Homogeneous, synchronized model cell systems are used in traditional biochemistry to overcome the interpretation problem of results from cellular assays which average over many thousands or millions of cells in different functional states. Model syztems are useful for the investigation of fundamental cellular functions like signalling cascades, cell cycle regulation, antibody production, oxido/reductive balance, enzyme pathways, energy supply a.o. Model cell systems suffer, however, from severe inherent limitations when interrelations and regulations amongst various cell populations like in the hemo- or immunopoiesis are to be explored. Concerns about the representativeness of results from model cell systems e.g. for the human organism or about the possibility for introducing artifacts by cell synchronization procedures are therefore as old as the entire model cell system approach.

The cytometric one cell is one biochemical cuvette concept, overcomes these limitations by combining the advantage of microscopic single cell observation with the advantage of multiparametric quantitative biochemical analysis of intact and fully functional cells. The multiparametric system cytometry approach will therefore significantly alter e.g. the strategy of medicine oriented cell research in many instances.

One of these changes concerns the explicit investigation of in-vivo cellular heterogeneity. As much biochemical information as possible is collected in a maximum of potentially related but nevertheless different cell populations of complex cellular systems (blood, bone marrow, transplant biopsies etc). The enormous amount of information is then efficiently extracted by Standardized Multiparameter Data Pattern Classification (SMDC). This allows the biochemical analysis of unperturbed cell systems close to the in-vivo state. System cytometry is therefore centrally characterized by the explicit molecular analysis of the utmost cellular complexity instead of the traditional cellular monosystems.

Cytometry, a Partially Virtual Discipline

Cytometry has been a multidisciplinary science from its very beginning on. The common interests of biologists, hematologists, pathologists and engineers generated initially the synchronized effort of a small fraction of scientists in each of the disciplines to set out for the fast measurements of cellular parameters. The basis for a pulsing new body of intellectual and experimental knowledge was generated by this effort.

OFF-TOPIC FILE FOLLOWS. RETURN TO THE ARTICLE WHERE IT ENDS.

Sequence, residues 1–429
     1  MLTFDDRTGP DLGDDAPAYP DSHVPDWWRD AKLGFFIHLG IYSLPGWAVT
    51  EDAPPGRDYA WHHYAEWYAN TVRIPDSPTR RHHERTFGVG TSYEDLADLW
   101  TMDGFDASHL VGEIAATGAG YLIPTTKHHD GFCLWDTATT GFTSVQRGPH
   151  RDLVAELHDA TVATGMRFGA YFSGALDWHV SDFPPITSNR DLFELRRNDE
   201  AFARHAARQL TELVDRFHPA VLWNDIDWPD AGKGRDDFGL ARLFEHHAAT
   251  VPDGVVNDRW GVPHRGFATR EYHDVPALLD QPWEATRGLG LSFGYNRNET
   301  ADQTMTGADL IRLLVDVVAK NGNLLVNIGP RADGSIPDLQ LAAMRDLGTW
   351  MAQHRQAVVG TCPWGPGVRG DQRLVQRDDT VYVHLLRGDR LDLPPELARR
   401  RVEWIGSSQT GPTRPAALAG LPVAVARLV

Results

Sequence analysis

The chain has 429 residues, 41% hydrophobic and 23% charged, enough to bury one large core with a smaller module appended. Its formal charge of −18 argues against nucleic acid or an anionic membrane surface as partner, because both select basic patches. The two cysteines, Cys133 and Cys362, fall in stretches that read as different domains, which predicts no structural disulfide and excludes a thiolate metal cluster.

The successful industrial implementation and dissemination of instrumentation in combination with the various developments of single cell structural and functional biochemical assays has substantially enlarged but also altered the body of cytometric knowledge over the years. Advanced electronic network communication (telecytometry has added a very important new facette to this synchronized multidisciplinary effort.

The consequences of this is that the cytometric discipline in all likelihood will not be organized like other biomedical disciplines e.g. cell biology, biochemistry, internal medicine, zoology, botany etc. Cytometry consists of a rapidly evolving multisciplinary knowledge pool, represented and supported by many thousands of scientists worldwide. This knowledge pool constitutes a virtual entity with high intellectual and innovative strength. The practical realization of this scientific discipline will vary according to local needs e.g. chairs in large research institutions or in biomedical university focus centers, self standing scientific or routine laboratories in hospitals or industry as well as research groups within university departments.


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1965-2006: Max-Planck-Institut für Biochemie, Am Klopferspitz 18a, D-82152 Martinsried, Germany
Last Update: Feb.22,2002